Aguilar: What has been the Mexican audience's reaction so far?

Alonso Ruizpalacios: The film hasn’t opened in Mexico, so the only thermometer we had was the Morelia Film Festival where the film had its Mexican premiere. Reactions were very positive. Besides winning Best Film we also won the Audience Award, which is very significant. However, it’s also a film that has received impassioned negative responses. People have sent us hate mail mostly regarding the protests, some people who were part of those protests felt that the way the events are portrayed is offensive or that we are poking fun at them. I don’t see it that way. Of course, there is a hint of irony in the way we look at the events, but there are also elements that vindicate those student movements and the idea of being young and being revolutionary.

Aguilar: It seems like a great number of Mexican films, particularly those we get to see abroad, come from a very dark place and focus on the violent and political situation of the country. Your film touches on this in a comical manner, even making fun of itself.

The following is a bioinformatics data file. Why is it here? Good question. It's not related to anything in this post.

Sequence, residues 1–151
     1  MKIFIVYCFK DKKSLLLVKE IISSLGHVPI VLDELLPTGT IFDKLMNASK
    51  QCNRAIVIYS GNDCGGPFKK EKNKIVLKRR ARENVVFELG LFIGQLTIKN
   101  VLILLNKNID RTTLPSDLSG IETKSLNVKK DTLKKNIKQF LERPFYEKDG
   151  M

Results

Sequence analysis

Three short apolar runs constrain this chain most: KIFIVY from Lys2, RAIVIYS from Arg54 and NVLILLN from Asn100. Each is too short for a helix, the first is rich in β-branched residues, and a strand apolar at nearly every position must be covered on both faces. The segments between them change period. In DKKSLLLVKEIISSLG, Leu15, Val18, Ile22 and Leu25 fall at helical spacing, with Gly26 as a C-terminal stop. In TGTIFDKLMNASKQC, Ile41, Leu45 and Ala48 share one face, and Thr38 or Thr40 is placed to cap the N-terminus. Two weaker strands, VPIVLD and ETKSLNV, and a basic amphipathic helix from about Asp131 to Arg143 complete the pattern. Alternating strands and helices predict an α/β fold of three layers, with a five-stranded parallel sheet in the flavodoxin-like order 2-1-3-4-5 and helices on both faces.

Alonso Ruizpalacios: I think that’s true. Lately, Mexican cinema has been very present at international film festivals, my film included, but I also have to say that “Güeros” is also a self-parody regarding this. You can’t create a parody if you don’t make fun of yourself first. The films we make in Mexico are often made thinking on their foreign potential rather than for Mexican people to enjoy. In some of these films we sell an image of Mexico, as “Sombra” says in the film, in which we are portrayed as cheaters, atheists, “putañero” (whoremongers), “malacopas” (bad drinkers), insecure,

Aguilar: In that sense would you say "Güeros" offers a refreshing, more optimistic, perspective?

Alonso Ruizpalacios: I do feel it’s a luminous film in the sense that we made with the intention to allow ourselves to be surprised by the city. To allow yourself to be surprised is very important, it’s one of the ways in which one can get out of a rot. The characters are trapped in this limbo of inactivity and routine because they haven’t left their apartment in a long time. It’s only when they go out and discover new things that their lives improve. I think the central theme is the change from being static to being in movement. Healing through movement.

Aguilar: One of the most enjoyable and sophisticated elements of the films is the dialogue. It's definitely hilarious and poignant at the same time. How did you manage to achieve this natural and easygoing feel while still hitting all the right emotional notes?